Are you concerned about your credit rating and unsure if checking it repeatedly will affect your score? You’re not alone. Many people have possibly heard the same things that you have – that repeated credit checks will lower your credit scores. This is true, but do not become a worry wart over your credit and cause yourself unneeded stress. You should only check your credit report at least once a year to correct errors and detect unauthorized activity.  But if you must keep an eye on your credit for personal reasons or you are looking to make a big purchase soon, then you should pay close attention to your credit.

What you need to understand is that there are two distinct differences in the types of credit checks that will determine if this is true or not – hard vs. soft credit report checks.

Hard Credit Checks and Your Credit Report

Hard credit checks are considered to be those credit checks run for things such as automobile, mortgage, or student loans. These types of inquiries indicate to credit agencies that you are planning on borrowing or securing large amounts of money. Sometimes agencies consider inquiries into your credit for the purposes of establishing a rental agreement to be hard credit checks because you are essentially becoming indebted to your rental company each month for an extended period of time. The more money you borrow, the higher financial risk you become. These types of hard credit checks will usually lower your credit score by about five points or less. These are credit checks that are initiated by you and your application as a potential borrower, so in a sense you are the one lowering your credit score, even if unintentionally.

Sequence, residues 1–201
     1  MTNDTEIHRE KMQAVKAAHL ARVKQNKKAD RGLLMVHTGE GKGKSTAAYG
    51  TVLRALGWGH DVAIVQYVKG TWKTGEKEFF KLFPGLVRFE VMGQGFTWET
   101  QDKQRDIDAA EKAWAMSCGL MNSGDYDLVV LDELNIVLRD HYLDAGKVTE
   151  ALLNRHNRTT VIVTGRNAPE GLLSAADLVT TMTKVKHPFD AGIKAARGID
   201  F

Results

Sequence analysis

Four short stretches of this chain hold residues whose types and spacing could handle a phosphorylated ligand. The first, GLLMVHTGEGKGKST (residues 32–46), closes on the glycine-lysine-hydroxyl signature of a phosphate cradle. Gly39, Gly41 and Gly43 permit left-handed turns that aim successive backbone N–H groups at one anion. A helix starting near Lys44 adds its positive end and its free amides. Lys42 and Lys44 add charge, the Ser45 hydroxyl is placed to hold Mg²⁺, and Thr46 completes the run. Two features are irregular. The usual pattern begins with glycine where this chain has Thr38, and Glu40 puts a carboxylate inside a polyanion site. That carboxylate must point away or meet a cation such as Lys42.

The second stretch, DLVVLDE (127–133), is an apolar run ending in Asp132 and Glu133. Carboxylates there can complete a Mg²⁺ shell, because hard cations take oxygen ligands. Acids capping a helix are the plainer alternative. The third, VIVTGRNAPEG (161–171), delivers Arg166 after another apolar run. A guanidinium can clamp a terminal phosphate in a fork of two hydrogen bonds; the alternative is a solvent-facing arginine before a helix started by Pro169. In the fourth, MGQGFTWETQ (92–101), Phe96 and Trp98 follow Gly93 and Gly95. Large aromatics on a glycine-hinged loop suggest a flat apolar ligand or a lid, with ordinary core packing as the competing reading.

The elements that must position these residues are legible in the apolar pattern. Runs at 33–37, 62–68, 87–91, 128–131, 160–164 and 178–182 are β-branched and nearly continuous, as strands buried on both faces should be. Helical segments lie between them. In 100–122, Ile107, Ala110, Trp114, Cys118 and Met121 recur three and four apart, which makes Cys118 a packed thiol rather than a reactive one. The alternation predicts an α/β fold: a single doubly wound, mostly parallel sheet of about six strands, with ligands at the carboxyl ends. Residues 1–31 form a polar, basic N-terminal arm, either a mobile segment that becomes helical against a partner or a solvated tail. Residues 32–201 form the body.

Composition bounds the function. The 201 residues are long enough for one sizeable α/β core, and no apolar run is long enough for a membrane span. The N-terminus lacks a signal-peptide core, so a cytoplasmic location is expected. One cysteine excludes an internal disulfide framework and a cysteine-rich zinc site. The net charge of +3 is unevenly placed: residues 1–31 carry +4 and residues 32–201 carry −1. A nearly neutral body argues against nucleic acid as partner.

If you are applying with multiple institutions for loans for one item, such as applying at two different banks to see which will give you the better interest rate for a new car, these multiple credit inquiries usually will not have multiple effects on your credit report. Most reporting agencies don’t negatively reduce the score on your credit report for inquiries made on these types of loan applications if they are made within the same 30-day time period.

Soft Credit Checks and Your Credit Report

Soft credit checks are those inquiries that your employer might make as part of a routine screening process, or that include your own personal inquiries to monitor the status and security of your credit report. Reporting bureaus do not penalize you for monitoring your own credit score, as long as you are doing so without applying for increases in borrowed money. Companies that run credit checks on you because they are offering promotional credit cards, those “junk mail” credit offers you receive in the mail, also don’t negatively affect your credit score because you didn’t pursue the inquiry in an attempt to secure a loan amount. These soft inquiries will remain on your credit report, but only as a record of who is checking your credit and not as a negative source for your credit score.

Don’t stop monitoring your credit report because you are concerned it will lower your credit score. It is valuable to know how your borrowing history is impacting your credit, and your future. As long as you perform your credit check without the immediate intention of potentially borrowing more money, your credit inquiry will be a soft credit check and not negatively affect your score.

For a free credit report once per year

The Fair Credit Reporting Act guarantees you access to your credit report for free from each of the three nationwide credit reporting companies — Experian, Equifax, and TransUnion — every 12 months.  You can request your free report online, by phone or by mail. Visit AnnualCreditReport.com, call 1-877-322-8228, or fill out the Annual Credit Report Request form and mail it to Annual Credit Report Request Service, P.O. Box 105281, Atlanta, GA 30348-5281.  No matter how you request your report, you have the option to request all three reports at once or to order one report at a time.

Moe Bedard
My name is Maurice "Moe" Bedard. I am the founder of America's #1 Mortgage Forum, LoanSafe.org. My online work has been featured in the New York Times, LA Times, Fox Business, and many other media publications.